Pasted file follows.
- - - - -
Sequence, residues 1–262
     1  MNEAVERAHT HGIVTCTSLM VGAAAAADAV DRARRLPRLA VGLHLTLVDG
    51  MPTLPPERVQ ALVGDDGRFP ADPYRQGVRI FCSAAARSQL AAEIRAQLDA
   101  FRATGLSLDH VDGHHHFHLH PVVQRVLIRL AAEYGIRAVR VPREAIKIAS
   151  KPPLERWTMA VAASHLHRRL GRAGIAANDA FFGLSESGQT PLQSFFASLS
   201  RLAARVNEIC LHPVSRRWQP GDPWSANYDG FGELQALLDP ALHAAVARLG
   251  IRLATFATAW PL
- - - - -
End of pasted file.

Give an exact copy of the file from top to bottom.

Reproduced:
Sequence, residues 1–262
     1  MNEAVERAHT HGIVTCTSLM VGAAAAADAV DRARRLPRLA VGLHLTLVDG
    51  MPTLPPERVQ ALVGDDGRFP ADPYRQGVRI FCSAAARSQL AAEIRAQLDA
   101  FRATGLSLDH VDGHHHFHLH PVVQRVLIRL AAEYGIRAVR VPREAIKIAS
   151  KPPLERWTMA VAASHLHRRL GRAGIAANDA FFGLSESGQT PLQSFFASLS
   201  RLAARVNEIC LHPVSRRWQP GDPWSANYDG FGELQALLDP ALHAAVARLG
   251  IRLATFATAW PL